China Aims to Present More Modern Self to Western Moviegoers
On October 15, the US Academy of Motion Picture Arts and Sciences announced that 81 countries have submitted films for consideration for this year’s Academy Award for Best Foreign-Language Film, with three Chinese language films put forward – Go Away Mr. Tumor, representing the Chinese mainland; To the Fore, representing Hong Kong; and The Assassin from Taiwan. Unsurprisingly, the news garnered a great deal of attention in China due to expectations that either the Sino-French film Wolf Totem or famed director Jia Zhangke’s latest offering Mountains May Depart would be mainland China’s nomination.
Han Yan, director of Go Away Mr. Tumor, has admitted to feeling “overwhelmingly surprised” on hearing of his film’s nomination despite the film’s domestic box office success this summer (http://ent.sina.com.cn/m/c/2015-10-11/doc-ifxirwnr6911829.shtml ). The romantic comedy tells the story of real-life cartoonist Xiong Dun (played by Bai Baihe) and her fight against cancer. Xiong’s brave spirit endeared the movie to Chinese audiences and also to audiences at the DC Chinese Film Festival 2015 in the US (http://news.mtime.com/2015/09/26/1547287.html ), which may partly explain the movie’s nomination by SARFT (State Administration of Radio, Film and Television of China).
The decision to submit Han’s more contemporary film demonstrates a change in tactics with regards to the image China wants to project in the West. And it is not as though China’s past attempts to win an Oscar were all that successful, save for three nominations in the 1990s: namely Ju Dou (1990) and Raise the Red Lantern (1991) by Zhang Yimou, and Farewell My Concubine (1993) by Chen Kaige. For many years, film makers from the Chinese mainland believed that only films portraying Chinese history or contemporary rural life were what the Academy was looking for.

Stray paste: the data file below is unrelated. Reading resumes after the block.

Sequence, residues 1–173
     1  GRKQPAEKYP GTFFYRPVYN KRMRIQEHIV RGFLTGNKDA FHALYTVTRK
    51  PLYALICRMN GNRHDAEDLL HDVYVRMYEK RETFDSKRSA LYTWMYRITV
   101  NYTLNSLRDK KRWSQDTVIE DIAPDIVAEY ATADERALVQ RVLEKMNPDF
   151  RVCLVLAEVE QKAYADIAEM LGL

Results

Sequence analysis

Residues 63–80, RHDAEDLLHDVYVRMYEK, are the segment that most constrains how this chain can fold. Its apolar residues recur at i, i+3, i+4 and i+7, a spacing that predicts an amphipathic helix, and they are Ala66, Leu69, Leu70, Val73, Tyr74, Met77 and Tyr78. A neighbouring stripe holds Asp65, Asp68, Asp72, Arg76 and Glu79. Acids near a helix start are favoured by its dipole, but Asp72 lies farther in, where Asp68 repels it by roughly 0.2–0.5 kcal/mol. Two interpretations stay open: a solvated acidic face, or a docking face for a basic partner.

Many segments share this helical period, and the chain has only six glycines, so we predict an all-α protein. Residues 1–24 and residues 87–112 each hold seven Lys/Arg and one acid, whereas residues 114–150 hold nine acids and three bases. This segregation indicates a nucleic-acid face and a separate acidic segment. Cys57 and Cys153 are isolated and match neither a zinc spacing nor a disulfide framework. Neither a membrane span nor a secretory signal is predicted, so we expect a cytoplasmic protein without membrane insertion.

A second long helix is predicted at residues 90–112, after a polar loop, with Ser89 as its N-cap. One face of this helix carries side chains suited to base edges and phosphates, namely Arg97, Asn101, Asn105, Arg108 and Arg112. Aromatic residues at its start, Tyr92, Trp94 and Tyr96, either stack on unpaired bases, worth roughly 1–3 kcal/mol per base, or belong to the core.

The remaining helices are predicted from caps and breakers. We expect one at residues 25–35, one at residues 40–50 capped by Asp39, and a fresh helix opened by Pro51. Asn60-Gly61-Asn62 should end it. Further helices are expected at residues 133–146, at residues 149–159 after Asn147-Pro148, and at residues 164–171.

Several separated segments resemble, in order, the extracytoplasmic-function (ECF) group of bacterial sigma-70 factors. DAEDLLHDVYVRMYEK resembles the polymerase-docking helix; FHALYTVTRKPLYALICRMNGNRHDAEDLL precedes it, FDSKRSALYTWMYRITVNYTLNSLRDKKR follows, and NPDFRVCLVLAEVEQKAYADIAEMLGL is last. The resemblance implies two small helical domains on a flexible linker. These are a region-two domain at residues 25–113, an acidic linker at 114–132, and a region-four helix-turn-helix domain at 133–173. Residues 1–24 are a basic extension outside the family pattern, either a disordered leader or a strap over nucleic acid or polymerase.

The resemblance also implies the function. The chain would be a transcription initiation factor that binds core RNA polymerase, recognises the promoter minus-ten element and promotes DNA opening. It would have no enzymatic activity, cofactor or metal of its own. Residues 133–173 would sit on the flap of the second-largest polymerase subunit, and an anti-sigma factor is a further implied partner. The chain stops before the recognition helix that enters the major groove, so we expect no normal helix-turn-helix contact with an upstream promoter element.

Yet a film like Go Away Mr. Tumor perhaps signals a change in approach with regards to submissions to the Academy and to Western markets. Previously, SARFT tended to present films that imitated Zhang Yimou’s previous works – works that often presented to a feudal China long gone to Western audiences – or works likely to prove popular so to please investors, which best explains the proliferation of wuxia (martial arts) films, yet the sub-par delivery of desired themes and the corresponding misunderstandings from Western movie-goers have resulted in barriers hard for Chinese films to overcome. To combat these obstacles, SARFT has opted to submit a movie with a simplified story line and an easy to understand central theme, presenting a fresher, more modern China to global audiences. More importantly, the nomination signals that not all Oscar-worthy films out of China need be sweeping epics of loss and triumph.
In 2009, China nominated the documentary Dream Weavers: Beijing 2008, while in 2012, Zhang Yimou’s The Flowers of War, based on the Nanjing Massacre, carried Chinese’ hopes and dreams to the Oscars only to come away empty-handed. For SARFT, selecting a film of great value, both intercultural and commercial, has become increasingly difficult, which is why works like Han’s being presented to Western audiences is of value. The decision shows that SARFT is trying to temper the importance of Oscar nominations, while at the same time emphasizing innovation in film production and the related distribution processes such as marketing. To that end, regardless of the result, the nomination of Go Away Mr. Tumor can only mean good things for Chinese cinema.